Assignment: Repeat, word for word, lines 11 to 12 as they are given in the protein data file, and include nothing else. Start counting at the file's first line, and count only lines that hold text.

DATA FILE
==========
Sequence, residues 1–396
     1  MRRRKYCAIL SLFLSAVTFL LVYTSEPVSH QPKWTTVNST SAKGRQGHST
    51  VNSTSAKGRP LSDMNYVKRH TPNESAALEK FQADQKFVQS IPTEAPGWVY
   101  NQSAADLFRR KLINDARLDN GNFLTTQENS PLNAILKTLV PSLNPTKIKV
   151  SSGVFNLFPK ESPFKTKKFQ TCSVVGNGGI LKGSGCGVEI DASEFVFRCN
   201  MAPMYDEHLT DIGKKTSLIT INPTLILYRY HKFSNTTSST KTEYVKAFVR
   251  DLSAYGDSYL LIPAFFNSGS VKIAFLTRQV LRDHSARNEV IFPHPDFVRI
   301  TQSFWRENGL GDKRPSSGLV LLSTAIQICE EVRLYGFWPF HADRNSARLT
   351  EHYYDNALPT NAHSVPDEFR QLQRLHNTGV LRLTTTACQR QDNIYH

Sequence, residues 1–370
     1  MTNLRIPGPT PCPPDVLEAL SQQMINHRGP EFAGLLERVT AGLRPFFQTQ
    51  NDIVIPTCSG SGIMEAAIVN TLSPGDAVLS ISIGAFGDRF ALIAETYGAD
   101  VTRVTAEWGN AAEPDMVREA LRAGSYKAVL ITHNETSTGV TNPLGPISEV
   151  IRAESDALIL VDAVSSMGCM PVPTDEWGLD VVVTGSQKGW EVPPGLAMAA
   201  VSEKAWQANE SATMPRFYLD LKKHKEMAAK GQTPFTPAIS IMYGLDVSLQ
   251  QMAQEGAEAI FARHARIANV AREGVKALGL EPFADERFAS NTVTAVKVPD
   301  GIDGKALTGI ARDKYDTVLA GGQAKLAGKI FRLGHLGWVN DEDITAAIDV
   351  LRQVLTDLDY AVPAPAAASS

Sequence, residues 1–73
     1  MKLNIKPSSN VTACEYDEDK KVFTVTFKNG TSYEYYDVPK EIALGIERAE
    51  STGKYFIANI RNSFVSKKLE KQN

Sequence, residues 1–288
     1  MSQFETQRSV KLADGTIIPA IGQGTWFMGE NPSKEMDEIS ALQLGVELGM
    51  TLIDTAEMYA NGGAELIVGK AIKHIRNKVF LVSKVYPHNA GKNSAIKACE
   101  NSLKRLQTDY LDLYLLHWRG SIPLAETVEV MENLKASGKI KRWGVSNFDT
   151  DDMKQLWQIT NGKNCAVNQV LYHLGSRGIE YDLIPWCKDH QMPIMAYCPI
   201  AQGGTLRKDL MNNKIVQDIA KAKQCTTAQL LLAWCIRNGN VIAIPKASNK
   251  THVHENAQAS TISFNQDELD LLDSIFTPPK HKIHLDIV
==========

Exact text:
     1  MTNLRIPGPT PCPPDVLEAL SQQMINHRGP EFAGLLERVT AGLRPFFQTQ
    51  NDIVIPTCSG SGIMEAAIVN TLSPGDAVLS ISIGAFGDRF ALIAETYGAD